Sunday, September 7, 2014

Kids & Social Media: Have that talk

     By now, most of us have heard at least a smidgen about the Jennifer Lawrence scandal regarding her nude photos that were leaked.  Obviously she is a free choosing adult who can take nude photos in the privacy of her own home.  She most likely took them with someone she was in love with and never in her life time thought they would be posted for the public to view.  This is at least what I am hoping because she seems like a genuine person instead of a celebrity looking for attention. 

     Instead of getting wrapped up and rolling around in the hype about this, my immediate response was, "This is exactly why my husband and I have spoken and reiterated to our children about the danger of camera phones, texts and social media." 

     At my thirty-eight years of age, I can admit that none of that was an issue we had to deal with while maturing.  Eh hum............we didn't even have cell phones.  

     While everything today is documented, as little as fifteen years ago all we had was he said/she said.  Rumors.  You defended yourself with spoken words.  Today most, especially children don't speak, they text as much as possible.  That means every thought they have is documented, because they type All of their thoughts.  That means with those abnormally deft thumb muscles  the younger generation has grown, those texts and even worse, photos, can be shared. Our children are natives to social media.  They are much more comfortable sharing personal information than older generations are.  

     The points that we try to incorporate into our children's core are that even though we are "old" we understand that times change.  We accept certain parts of that change, but there is still a line that shouldn't be crossed and if you do cross it, realize there are consequences.  To children and teens, reputation is everything in school.   How many "likes" you receive, shape how they are perceived by their peers.  Too much influence is put on this.  Make a mistake in judgement and you may be branded as something you are not.  Make a mistake in judgement and you may hurt or embarrass someone you care about, including yourself.  Make a mistake in judgement and you may lose your scholarship/job.  This can bring a level of stress and pressure so great to teens who are already overwhelmed with school, social status and hormones that they crack, rebel or retreat so far into themselves that they are unable to find the person they once were.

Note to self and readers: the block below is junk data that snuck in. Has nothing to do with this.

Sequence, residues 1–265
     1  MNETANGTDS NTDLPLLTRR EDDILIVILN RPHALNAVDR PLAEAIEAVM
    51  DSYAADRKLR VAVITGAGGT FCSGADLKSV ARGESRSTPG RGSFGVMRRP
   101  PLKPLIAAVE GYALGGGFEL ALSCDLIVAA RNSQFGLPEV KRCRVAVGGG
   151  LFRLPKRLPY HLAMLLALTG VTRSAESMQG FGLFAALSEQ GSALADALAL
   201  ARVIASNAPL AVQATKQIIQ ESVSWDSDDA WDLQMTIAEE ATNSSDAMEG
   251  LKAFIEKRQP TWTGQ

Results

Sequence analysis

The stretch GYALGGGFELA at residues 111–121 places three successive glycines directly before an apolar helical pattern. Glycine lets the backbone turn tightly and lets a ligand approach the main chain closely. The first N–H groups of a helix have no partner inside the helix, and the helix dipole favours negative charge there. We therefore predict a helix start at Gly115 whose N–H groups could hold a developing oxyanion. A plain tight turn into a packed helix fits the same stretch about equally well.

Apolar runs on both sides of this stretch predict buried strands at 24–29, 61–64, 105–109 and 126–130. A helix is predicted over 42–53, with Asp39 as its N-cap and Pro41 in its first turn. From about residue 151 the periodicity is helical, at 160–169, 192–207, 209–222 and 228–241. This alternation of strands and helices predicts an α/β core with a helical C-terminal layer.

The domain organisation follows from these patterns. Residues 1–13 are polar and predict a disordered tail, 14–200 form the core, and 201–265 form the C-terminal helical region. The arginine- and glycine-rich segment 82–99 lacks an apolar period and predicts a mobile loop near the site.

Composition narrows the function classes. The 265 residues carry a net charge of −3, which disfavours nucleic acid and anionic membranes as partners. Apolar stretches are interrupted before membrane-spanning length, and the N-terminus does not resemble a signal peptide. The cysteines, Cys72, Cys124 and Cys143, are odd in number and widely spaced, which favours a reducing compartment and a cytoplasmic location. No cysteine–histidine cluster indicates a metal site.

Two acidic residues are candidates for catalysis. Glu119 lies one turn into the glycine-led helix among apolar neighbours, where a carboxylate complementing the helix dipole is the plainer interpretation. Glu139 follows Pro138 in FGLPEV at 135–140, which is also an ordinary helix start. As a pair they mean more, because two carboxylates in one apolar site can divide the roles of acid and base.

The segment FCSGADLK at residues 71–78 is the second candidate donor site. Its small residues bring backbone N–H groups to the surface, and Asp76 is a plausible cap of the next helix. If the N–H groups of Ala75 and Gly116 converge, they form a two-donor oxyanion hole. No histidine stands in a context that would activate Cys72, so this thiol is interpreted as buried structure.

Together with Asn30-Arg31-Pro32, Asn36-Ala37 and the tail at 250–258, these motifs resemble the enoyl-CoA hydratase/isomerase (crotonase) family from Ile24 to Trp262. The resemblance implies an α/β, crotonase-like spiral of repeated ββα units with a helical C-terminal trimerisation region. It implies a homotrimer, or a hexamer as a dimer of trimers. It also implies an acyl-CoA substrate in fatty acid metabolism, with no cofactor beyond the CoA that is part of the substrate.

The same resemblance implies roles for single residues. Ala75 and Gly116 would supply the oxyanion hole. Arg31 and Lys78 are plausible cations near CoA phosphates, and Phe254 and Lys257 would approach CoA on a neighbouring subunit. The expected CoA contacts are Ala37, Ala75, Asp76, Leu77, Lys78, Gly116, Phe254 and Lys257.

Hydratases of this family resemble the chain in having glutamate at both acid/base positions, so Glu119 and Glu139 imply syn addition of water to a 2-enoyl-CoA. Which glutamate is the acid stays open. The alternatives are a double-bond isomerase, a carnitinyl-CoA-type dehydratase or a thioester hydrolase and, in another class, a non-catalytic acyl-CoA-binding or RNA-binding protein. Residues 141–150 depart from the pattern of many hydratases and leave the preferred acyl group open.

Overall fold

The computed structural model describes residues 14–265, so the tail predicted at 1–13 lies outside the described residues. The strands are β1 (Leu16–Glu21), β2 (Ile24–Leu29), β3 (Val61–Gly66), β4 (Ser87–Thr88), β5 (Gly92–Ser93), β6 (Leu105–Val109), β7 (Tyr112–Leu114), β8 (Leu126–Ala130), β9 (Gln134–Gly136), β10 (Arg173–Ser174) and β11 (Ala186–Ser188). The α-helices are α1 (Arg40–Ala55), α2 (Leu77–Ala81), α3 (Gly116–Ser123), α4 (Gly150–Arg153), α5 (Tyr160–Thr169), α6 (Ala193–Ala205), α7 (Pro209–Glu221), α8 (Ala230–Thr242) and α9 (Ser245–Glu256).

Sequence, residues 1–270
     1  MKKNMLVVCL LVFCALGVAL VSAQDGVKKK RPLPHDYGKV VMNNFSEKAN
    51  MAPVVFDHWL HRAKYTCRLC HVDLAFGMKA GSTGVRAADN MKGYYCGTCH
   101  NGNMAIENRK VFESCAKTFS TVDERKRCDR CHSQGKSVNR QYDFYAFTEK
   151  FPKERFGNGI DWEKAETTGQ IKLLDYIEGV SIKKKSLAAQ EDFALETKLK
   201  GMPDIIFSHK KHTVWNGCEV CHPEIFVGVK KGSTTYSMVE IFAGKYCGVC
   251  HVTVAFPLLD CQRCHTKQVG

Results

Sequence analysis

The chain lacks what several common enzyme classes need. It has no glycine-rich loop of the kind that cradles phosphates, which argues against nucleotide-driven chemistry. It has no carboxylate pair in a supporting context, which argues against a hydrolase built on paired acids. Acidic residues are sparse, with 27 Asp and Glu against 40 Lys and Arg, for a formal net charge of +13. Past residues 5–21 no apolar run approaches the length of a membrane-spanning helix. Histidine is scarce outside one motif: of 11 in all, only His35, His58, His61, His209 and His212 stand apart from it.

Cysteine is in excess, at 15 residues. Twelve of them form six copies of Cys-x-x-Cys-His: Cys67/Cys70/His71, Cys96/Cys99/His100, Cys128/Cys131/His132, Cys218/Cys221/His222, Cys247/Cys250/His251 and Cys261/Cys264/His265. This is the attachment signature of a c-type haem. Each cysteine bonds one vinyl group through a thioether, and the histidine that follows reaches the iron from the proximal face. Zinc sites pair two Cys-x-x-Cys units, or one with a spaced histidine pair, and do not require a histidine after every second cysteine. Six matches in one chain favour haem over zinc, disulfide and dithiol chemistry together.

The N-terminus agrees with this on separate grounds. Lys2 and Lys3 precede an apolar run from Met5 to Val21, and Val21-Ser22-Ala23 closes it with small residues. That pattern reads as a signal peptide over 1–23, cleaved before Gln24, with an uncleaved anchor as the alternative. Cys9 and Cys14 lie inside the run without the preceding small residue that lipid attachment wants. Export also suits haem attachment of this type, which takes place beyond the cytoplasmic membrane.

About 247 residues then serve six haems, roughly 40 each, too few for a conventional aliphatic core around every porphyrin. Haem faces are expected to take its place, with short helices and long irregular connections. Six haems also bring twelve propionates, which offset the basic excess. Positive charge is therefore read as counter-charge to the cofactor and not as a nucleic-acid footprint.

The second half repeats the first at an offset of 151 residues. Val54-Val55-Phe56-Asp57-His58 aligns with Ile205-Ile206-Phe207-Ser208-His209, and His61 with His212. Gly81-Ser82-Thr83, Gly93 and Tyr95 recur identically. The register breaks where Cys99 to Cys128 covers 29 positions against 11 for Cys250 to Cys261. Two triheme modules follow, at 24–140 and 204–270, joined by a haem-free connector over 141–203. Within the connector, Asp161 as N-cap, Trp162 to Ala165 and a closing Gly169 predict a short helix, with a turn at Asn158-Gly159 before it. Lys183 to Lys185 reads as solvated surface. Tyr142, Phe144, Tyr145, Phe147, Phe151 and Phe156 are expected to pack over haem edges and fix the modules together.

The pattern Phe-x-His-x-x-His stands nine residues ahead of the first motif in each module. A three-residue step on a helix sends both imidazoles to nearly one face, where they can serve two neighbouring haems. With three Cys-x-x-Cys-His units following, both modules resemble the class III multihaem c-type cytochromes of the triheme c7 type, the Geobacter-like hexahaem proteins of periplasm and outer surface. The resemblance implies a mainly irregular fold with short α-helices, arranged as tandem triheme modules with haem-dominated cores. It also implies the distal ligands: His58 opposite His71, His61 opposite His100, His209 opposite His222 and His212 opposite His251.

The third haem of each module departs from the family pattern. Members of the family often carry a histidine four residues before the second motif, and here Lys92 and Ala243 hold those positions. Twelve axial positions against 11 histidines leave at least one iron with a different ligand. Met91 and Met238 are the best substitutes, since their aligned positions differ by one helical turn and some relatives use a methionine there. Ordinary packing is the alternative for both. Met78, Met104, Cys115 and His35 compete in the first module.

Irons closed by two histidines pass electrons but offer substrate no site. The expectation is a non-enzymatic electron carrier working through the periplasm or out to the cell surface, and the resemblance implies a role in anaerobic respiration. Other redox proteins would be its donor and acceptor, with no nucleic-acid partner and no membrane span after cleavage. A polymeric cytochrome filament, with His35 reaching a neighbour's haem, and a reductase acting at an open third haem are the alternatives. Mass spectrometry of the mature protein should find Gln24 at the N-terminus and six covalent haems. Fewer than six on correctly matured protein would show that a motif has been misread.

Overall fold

What children don't share with us, as parents,  is a concern over their privacy and how that can be abused by peers, hackers or companies looking to use their images or words.  If I am correct, in the cyber world, even if we delete a post, it is still out there, floating around somewhere.  Even if it is not, you can bet someone has downloaded or copied it for a reason not yet known.  Until it shows up, months or years later.  Now with the invention of iCloud, it's always out there.  iCloud is supposed to be secure, but just ask Jennifer Lawrence about that.  

     I, myself, am a member of many social media networks to spread my blog to many audiences.  I do select my audience, but my blogs are always posted as "public".   Posting publicly is mostly used for marketing and I can tell you that it is exhausting just posting once or twice a week to all of them because I end up researching or finding someone I know and looking at their profile.  Then I've wasted an hour of my life, sitting on my butt when I could have been interacting with someone, making memories and at least doing something productive.  I take that chance that someone or a group will manipulate my words or images each time I post.  I try to be conscious of copyrighting my images and hopefully writing words that inspire and cannot be construed as harmful.  As we all know, there are miserable individuals out there who have it down to an art on how to manipulate.   Those are the ones that we continually warn our children of.

   So the easiest and most efficient way to avoid this situation is to just not do it.   Simple, yet at some point we have all made a mistake in posting.  Whether our words or photos were meant in a certain manner, it is all about perception.  How it will be viewed from another party or how they can alter how it is viewed.  

     We, as parents, will lead a positive influence for our children regarding this, as the future can only include more technological advances.  We will allow a certain amount of privacy as our children grown into teens and at the same time we will do our job that we accepted when we decided to create a human life and keep our children safe.( no matter how much they whine about it!)